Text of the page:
The Creators Project: First off, can you briefly describe the project for me, in your own words?

Small Media: We have visualized the contents of Iran's Book House—the official record of all the books published in Iran since the 1979 Islamic Revolution (almost one million!) resulting in a beautiful interactive website and report called Writer’s Block. Writer’s Block uses visualization and storytelling to explore the past, present, and future of the Iranian publishing sector. Throughout the narrative, the viewer gains new insight into the effects of corruption, economic crises, and arbitrary censorship. We’ve also interviewed authors, poets, publishers, and former politicians, and their stories provide a perfect qualitative counterbalance to the narrative.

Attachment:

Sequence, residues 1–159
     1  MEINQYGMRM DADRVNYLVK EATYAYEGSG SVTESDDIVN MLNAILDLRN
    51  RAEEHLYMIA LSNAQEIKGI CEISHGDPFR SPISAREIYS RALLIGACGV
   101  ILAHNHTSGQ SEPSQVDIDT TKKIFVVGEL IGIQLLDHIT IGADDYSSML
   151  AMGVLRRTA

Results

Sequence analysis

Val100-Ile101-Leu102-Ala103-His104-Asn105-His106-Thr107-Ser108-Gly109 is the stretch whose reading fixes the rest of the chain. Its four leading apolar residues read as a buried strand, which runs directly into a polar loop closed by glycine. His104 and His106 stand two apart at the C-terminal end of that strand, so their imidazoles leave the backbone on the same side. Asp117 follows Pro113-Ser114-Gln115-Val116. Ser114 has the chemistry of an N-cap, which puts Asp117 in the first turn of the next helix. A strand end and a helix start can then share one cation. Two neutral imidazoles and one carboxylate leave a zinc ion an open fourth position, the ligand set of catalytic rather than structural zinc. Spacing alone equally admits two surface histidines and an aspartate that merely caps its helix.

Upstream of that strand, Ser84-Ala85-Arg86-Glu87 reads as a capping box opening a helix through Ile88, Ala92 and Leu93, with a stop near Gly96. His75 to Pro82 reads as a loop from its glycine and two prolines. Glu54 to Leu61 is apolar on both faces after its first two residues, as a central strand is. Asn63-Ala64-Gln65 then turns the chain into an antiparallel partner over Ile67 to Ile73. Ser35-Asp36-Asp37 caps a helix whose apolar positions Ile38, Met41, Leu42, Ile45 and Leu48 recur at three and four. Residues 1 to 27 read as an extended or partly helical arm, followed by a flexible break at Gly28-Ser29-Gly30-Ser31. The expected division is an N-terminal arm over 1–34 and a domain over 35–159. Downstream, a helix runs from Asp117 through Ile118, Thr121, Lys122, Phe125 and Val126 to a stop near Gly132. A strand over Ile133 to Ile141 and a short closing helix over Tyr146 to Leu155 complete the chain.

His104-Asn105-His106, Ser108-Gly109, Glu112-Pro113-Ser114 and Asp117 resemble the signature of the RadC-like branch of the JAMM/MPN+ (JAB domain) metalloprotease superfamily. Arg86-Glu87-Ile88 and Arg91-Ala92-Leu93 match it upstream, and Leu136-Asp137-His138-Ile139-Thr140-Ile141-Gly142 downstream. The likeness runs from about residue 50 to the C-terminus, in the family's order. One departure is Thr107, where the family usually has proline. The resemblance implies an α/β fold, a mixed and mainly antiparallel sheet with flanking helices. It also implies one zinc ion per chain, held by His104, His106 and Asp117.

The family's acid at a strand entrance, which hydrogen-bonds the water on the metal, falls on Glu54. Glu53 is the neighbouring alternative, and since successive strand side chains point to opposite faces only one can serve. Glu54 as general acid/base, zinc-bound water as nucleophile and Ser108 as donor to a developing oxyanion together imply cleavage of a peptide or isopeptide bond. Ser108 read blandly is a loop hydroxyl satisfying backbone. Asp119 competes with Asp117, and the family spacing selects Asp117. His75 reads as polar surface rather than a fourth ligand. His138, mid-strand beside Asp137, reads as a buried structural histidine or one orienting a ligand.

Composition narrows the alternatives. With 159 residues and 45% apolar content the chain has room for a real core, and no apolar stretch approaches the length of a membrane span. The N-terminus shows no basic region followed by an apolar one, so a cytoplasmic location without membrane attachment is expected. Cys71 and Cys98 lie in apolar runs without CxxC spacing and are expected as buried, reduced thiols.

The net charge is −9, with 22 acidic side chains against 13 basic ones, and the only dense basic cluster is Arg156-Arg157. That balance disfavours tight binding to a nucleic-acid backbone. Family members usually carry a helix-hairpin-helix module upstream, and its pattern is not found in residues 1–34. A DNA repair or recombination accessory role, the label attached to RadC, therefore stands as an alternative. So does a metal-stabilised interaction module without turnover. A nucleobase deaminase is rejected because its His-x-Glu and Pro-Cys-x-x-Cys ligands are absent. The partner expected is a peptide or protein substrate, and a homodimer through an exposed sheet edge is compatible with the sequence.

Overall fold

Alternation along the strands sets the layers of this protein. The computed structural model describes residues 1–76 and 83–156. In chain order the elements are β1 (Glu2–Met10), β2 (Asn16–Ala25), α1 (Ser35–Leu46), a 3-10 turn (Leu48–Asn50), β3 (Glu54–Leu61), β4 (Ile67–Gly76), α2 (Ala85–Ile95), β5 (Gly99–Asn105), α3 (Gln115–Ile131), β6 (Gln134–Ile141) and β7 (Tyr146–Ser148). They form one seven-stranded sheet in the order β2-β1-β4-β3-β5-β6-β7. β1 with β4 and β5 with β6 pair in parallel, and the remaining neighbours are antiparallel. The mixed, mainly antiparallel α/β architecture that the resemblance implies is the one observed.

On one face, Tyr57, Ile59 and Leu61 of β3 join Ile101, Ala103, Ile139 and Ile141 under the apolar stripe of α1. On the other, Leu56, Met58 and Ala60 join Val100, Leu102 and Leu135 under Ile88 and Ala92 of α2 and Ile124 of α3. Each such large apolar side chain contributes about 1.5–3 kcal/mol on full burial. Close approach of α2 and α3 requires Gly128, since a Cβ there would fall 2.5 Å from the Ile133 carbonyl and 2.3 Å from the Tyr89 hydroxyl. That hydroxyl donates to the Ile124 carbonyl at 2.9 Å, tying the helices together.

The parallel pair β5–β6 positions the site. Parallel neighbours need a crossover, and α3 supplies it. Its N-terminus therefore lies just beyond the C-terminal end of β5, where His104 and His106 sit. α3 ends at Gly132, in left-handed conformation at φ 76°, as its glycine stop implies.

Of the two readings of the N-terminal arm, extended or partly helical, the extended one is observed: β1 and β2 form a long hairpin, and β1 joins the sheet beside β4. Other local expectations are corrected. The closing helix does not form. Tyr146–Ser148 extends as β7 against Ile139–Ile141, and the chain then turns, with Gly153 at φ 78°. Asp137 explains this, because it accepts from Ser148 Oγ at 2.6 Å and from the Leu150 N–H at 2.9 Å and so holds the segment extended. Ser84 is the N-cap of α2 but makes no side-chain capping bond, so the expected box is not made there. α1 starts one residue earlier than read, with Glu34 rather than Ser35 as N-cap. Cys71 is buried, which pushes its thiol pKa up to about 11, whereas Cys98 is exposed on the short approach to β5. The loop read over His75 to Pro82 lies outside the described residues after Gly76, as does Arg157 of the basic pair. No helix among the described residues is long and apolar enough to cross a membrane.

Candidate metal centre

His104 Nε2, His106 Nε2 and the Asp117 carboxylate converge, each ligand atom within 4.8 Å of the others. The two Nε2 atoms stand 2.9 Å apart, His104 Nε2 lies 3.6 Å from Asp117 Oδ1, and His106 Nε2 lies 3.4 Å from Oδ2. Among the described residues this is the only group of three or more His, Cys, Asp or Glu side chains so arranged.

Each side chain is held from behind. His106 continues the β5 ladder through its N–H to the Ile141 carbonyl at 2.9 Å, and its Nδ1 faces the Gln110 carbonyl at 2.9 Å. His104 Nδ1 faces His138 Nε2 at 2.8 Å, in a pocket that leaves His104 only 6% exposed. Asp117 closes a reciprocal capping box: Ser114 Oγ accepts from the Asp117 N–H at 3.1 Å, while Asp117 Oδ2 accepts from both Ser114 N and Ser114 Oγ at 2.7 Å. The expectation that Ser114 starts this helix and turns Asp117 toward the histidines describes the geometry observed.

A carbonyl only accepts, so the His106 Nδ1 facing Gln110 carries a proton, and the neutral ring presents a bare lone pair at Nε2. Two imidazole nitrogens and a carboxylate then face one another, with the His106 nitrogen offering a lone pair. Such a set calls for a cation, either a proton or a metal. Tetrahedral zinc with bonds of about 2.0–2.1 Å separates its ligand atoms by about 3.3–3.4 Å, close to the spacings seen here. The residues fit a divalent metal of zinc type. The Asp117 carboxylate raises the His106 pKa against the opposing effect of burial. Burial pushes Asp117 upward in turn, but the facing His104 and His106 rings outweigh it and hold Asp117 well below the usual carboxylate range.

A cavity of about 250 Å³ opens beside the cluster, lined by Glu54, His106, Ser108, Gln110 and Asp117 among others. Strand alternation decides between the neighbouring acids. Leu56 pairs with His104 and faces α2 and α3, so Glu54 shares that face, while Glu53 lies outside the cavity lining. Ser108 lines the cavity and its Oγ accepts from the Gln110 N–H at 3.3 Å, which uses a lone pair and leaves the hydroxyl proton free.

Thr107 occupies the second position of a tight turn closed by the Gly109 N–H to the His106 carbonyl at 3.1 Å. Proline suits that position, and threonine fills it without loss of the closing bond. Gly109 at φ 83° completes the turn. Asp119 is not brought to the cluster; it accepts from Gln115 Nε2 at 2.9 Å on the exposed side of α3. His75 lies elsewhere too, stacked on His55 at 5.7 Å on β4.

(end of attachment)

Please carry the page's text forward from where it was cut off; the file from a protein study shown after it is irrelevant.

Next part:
What is the Iran Book House? 

The Iran Book House is the officially-recognized index of all the books published in Iran since the Revolution of 1979 (over one million). It lists a ton of information about each book, ranging from their year of publication, to their print run, Dewey decimal code, and cover price. The Book House isn’t just for books—it also lists all the publishers that’ve been active since 1979. We were able to link up this database with the book index, allowing us to connect books and publishers with their publishing houses, allowing us to see even more patterns in Iranian publishing.

I noticed that “Writer’s Block: Iranian Literary Censorship and Diaspora Publishing” is a subsection of your previous work on Iranian media. Tell me about the connection between this project and Revolution Decoded